The Sub-Saharan frontier: future generations
As growth in Sub-Saharan Africa is set to post a steady 5-6 percent per annum to 2017 according to IMF estimates, investors will be taking notes on the region’s growth story not least with the financial sector.
Growth projections have rebounded from forecasts of around a 3 percent rise in 2009 after falling commodity prices have hit one of the region’s main revenue sources. Yet, according to the World Bank’s recent Global Development Finance report, stronger commodities will firm growth prospects in the coming years. In recent weeks, commodities have dipped, dampening the outlook for some resource-rich countries, but as 76 percent of the region’s population do not have access to a bank account, lenders are set to grow their presence in the region.
Julius Baer notes the region’s market potential:
Since 2002, resource-hungry China has swept across a by-and-large grateful African continent, taking oil and minerals in exchange for debt relief, low-interest loans, or much needed infrastructure, such as roads, ports and housing.
The continent’s existing banking sector is nascent, with many payments bypassing traditional deposit methods, instead mobile technologies such as M-Pesa and M-Kesho are the only method of making payments and transfers. On banking Baer had this to say:
The main appeal of Africa’s banking market is that it is potentially enormous – Only 3 percent of Africans have access to a credit card … 76 percent of adults do not have access to a formal bank account.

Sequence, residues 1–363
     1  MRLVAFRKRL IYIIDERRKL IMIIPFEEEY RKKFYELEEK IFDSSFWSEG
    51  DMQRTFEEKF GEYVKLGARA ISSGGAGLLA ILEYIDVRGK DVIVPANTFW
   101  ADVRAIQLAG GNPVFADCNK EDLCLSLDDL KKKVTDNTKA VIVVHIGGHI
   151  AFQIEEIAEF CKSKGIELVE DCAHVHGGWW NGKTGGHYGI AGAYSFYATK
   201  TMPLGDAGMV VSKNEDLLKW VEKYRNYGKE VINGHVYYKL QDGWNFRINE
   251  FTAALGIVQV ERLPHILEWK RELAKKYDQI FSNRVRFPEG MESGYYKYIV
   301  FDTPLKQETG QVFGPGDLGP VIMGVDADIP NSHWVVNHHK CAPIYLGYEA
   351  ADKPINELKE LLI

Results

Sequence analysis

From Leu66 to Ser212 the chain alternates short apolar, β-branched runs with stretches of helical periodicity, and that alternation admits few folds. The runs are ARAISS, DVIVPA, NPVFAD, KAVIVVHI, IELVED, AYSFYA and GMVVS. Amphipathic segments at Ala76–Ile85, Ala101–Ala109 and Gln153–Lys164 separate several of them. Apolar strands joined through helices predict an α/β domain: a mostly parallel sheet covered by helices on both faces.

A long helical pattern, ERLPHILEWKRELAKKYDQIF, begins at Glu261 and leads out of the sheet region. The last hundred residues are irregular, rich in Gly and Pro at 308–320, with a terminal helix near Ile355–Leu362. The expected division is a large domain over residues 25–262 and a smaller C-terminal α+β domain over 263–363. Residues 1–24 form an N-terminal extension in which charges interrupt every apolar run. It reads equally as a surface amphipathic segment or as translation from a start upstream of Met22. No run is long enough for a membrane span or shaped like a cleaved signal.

These are not the only considerations in play. Better macroeconomic management, the product of which has been substantially lower inflation rates compared with those of the 1990s, better fiscal and balance of payments positions and lower external debt levels have also led to rising stability and better growth prospects in the continent’s economy, the research found.
Baer cites the major debt issuers as South Africa, Ivory Coast, Morocco, Egypt and Angola that are followed by Gabon, Ghana, Zambia, Tunisia, Nigeria, Senegal and Namibia.
Firms active in the African region such as Standard Bank, Ecobank, Equity bank and ABSA – part owned by Barclays- are increasing their presence in the region, providing banking services and microfinance in some cases to developing countries from Ghana to South Africa.
Mobile payment system M-Pesa signed a deal with Vodafone in India last month, providing a payment platform widely popularised in Kenya and accounting for a substantial share of Kenyan money transactions.
Rich in natural resources, a growing population base, ever increasing consumer demand and the gradual establishment of a middle class send positive signals for international consumer goods providers such as L’Oreal, Procter & Gamble, Heineken, Nestle and Unilever, according Baer’s research.
Investors who are keen on the investment case of sub-Saharan financials firms could look to the likes of DWS Invest Africa, involved in a top-down and bottom-up approach with a tilt towards energy and financials, and Renaissance Capital for more exposure to Nigeria and Kenya.
Investing in the region is not without warning. Conflicts in Mali, Sudan/South Sudan over the Heglig oilfield and Somalia make investment decisions in some regions much more difficult.